New Library Structure Blends Digital and Traditional Research
Today’s post isn’t about human rights per se, but it does focus on our interest on digital resources and highlights an interesting new approach to large research collections. That said, the University of Chicago collections house a number of important works related to human rights, and the system described below may make them broadly accessible within and beyond the quads. –Sarah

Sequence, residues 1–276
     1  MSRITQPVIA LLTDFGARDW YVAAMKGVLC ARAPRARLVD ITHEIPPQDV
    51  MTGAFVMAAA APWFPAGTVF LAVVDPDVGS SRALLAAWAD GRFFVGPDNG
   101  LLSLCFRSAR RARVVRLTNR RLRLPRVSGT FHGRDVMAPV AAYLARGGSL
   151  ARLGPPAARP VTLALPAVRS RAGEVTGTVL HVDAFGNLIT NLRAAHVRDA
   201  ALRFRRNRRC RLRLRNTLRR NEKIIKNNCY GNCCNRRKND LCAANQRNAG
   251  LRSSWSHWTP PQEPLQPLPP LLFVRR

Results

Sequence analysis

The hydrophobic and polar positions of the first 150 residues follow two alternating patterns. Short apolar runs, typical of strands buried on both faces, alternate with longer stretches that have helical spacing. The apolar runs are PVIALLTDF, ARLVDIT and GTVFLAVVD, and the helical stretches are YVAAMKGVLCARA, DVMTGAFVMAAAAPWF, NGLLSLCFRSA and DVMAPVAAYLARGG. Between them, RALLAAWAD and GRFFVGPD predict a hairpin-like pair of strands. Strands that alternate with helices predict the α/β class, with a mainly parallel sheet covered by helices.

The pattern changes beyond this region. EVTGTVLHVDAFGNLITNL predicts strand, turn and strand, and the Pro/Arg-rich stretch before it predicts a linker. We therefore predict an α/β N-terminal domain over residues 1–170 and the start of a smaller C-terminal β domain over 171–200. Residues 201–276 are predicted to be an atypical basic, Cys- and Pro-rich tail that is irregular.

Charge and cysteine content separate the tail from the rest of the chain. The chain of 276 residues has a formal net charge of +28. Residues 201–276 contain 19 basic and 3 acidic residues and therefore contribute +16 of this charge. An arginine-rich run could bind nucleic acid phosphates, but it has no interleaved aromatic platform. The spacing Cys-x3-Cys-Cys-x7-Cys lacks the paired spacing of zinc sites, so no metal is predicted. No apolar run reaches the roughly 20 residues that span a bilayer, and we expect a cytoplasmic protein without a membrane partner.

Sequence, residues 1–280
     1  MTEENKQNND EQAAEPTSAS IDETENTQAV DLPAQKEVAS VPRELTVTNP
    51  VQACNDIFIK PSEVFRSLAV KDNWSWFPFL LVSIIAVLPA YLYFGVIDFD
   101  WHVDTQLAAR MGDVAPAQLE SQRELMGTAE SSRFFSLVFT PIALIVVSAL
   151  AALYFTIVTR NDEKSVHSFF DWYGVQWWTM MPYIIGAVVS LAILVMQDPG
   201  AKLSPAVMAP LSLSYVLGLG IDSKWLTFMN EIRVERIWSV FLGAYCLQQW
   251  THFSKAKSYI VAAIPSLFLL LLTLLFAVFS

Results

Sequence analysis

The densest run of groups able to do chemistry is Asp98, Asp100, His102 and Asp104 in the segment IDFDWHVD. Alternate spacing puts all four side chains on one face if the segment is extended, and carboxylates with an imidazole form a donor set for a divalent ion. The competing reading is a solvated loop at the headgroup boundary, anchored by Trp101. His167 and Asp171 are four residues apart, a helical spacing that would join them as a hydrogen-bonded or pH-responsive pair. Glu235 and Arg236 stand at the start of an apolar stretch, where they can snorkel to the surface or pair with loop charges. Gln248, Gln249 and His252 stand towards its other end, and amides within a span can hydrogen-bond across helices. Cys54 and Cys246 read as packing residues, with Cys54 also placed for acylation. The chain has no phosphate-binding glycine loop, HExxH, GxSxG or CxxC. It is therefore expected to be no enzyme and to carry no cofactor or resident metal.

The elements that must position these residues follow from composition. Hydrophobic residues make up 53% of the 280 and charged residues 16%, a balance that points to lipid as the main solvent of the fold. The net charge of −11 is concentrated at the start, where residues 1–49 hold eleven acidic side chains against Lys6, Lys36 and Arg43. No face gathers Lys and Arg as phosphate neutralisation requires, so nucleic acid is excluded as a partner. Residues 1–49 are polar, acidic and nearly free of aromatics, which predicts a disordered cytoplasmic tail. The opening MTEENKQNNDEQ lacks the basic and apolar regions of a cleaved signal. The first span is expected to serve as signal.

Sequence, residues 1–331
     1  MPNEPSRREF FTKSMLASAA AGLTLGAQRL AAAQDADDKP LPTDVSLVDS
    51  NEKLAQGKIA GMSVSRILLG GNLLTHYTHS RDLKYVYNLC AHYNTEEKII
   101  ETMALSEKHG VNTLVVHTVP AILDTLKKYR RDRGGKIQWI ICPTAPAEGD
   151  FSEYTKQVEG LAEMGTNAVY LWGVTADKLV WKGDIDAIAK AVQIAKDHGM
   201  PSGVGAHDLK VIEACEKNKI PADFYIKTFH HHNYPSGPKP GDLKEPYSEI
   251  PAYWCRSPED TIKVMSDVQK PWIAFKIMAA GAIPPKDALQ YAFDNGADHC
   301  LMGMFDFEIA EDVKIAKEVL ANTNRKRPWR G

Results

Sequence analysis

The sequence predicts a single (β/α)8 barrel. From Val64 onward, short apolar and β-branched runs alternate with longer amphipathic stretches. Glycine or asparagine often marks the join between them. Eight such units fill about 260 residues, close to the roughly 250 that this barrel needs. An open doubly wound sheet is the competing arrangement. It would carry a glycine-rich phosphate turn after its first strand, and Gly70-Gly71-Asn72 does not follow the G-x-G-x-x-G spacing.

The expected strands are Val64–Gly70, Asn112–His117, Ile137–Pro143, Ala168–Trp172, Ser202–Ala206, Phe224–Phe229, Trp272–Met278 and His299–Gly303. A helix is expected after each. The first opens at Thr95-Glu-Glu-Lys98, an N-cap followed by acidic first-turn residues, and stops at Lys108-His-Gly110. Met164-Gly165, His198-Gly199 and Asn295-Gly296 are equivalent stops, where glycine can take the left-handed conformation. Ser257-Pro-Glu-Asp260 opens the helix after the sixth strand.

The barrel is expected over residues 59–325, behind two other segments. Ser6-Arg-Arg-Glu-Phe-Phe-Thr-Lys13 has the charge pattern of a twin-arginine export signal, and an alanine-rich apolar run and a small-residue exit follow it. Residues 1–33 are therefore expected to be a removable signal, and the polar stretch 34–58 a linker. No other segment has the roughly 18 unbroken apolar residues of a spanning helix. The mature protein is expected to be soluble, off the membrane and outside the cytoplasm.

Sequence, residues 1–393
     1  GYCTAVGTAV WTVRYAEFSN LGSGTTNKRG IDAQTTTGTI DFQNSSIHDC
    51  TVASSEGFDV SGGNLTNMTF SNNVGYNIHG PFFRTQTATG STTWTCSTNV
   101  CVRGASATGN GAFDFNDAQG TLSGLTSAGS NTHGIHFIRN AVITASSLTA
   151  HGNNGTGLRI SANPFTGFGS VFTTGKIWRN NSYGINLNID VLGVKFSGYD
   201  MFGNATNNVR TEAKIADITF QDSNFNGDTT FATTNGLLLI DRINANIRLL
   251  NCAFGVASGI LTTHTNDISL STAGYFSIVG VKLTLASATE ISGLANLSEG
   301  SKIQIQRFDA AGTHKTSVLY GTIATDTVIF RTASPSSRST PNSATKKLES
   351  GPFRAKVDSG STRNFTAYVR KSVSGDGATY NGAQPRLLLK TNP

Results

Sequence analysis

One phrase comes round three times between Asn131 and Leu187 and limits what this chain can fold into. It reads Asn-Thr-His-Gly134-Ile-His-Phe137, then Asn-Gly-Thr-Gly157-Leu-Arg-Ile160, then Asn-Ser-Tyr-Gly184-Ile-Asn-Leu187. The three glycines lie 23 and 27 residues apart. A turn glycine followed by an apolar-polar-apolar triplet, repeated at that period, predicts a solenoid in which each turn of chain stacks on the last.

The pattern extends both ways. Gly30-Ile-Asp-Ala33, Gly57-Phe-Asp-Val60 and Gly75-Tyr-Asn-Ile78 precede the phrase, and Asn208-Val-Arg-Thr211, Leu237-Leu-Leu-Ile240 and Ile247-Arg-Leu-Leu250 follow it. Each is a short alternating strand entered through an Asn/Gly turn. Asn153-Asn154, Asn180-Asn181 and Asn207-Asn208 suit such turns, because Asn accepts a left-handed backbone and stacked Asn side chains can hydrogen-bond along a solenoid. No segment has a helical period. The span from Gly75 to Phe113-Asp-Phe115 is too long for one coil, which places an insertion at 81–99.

Next week, the University of Chicago Libraries will open the new Joe and Rika Mansueto library. As described in this Wired article, the very structure of the new library is designed to capitalize on the new realities of digital research in order to facilitate research in the libraries important physical collections. As students and young faculty increasingly start the research process on-line rather than in the stacks, use of library space is fundamentally shifting. The Mansueto library recognizes and harnesses this shift by creating an on-line research space that directs investigators to physical resources now stored in a 50 foot deep underground vault that will house 3.5 million volumes of work not otherwise available in a digital medium. Once investigators determine that they need to consult a physical resource to complement what they’ve found digitally, they can digitally request that resources. These digital requests can be made from anywhere in the world via the on-line catalog or email. Once the request is received, the library’s automated system retrieves the item from the vault within five minutes and places it on hold for seven days. At this point, of course, the researcher will have to physically collect the book from the library. The major innovation of this system is that it allows people to digitally search key resources that are only available physically. The hope is that appropriating digital research practices to direct work back to physical collections will maintain the relevance of these collections by increasing the range of resources that increasingly digitally-oriented students consult in their research.